U.S. Naval War College held an interdisciplinary summit April 30 to May 2 to explore “innovation ecosystems” and how the concept might be helpful as the U.S. Navy seeks to be more agile in an age of rapidly changing technology.
The event, Diffusion and Adoption of Innovation Studio Summit 2.0, was held in conjunction with Naval Sea Systems Command Warfare Centers. It follows the first DAISS which occurred in March 2018.
In his opening remarks, college Provost Lewis Duncan said that organizational inertia is a challenge to be confronted when trying to harness the excitement of scientific discovery.
“Our technological advantage is diminishing over near-peers and in some cases has disappeared,” Duncan said. “And yet we can recapture that by accelerating the adoption of innovations and the transition of ideas into invoices. That’s what the next few days of this summit will address.”
Organizers said they were responding to direction handed down by Chief of Naval Operations Adm. John Richardson that calls for the U.S. Navy to compete aggressively, with a particular focus on the increasing use of the maritime domain, the rise of global information systems and the rate of technological innovation.
“We are in the ‘sci-fi’ future. Years ago, I can recall thinking about what science fiction might look like, and lo and behold, we are here in terms of a revolution in military affairs,” said Associate Provost for Warfighting Research and Development Will Bundy, co-chair of the summit on behalf of the Naval War College.
“The accelerating emergence of technology will disrupt how we fight, how we create combat-capable forces to provide deterrence and how we operate on a day-in and day-out basis,” Bundy told the group.
“The private sector is moving out quickly in the adoption of these technologies. We tend to be cautious followers,” he said. “We need to find ways to bring industry into the discussion earlier. The ecosystem idea is what we think will assist us.”
Thomas Choinski, deputy director for undersea warfare at Naval Undersea Warfare Center headquarters in Newport, discussed the idea of using an interdisciplinary lens to think about technology.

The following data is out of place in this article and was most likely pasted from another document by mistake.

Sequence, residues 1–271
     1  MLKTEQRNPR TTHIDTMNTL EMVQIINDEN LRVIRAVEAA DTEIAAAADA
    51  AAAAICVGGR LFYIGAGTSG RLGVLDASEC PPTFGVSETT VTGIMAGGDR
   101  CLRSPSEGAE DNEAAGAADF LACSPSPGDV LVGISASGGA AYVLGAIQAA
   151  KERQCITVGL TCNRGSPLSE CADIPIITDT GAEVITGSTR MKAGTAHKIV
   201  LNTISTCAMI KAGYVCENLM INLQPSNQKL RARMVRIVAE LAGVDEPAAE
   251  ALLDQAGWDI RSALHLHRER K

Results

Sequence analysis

Choinski presented a chart showing four military “communities” in separate circles: doctrine; science and engineering; acquisition and warfighters.
“We have an Industrial Age view of technology. We need to move away from that,” said Choinski, co-chair of the summit.
“What we need to do to build interdisciplinary agility in the [U.S.] Navy’s innovation ecosystem is to get these four communities to work together harmoniously,” he said.
“The more complex we make this – and it is complex – the less likely we are going to be to adopt and more forward with innovation,” Choinski concluded.
“However, if we can figure out a way to be agile in using this system, perhaps we can gain an assymetric advantage against our adversaries.”
The first day of the summit was unclassified, and the second two days were conducted at a classified level.
National experts from institutions such as MIT’s School of Management, the Defense Acquisition University and Naval Surface Warfare Center, Crane Division, spoke to the group on day one, followed by sessions on eco-system ideas and a panel discussion on the “blue economy.”
The last two days of the summit included working-group sessions where innovation ecosystems for warfare communities were identified.
Bundy said that results from the summit will be shared with U.S. Navy leaders and used to establish these ecosystems, create “centers of innovation” and to adopt processes to accelerate delivery of technological power to the fleet.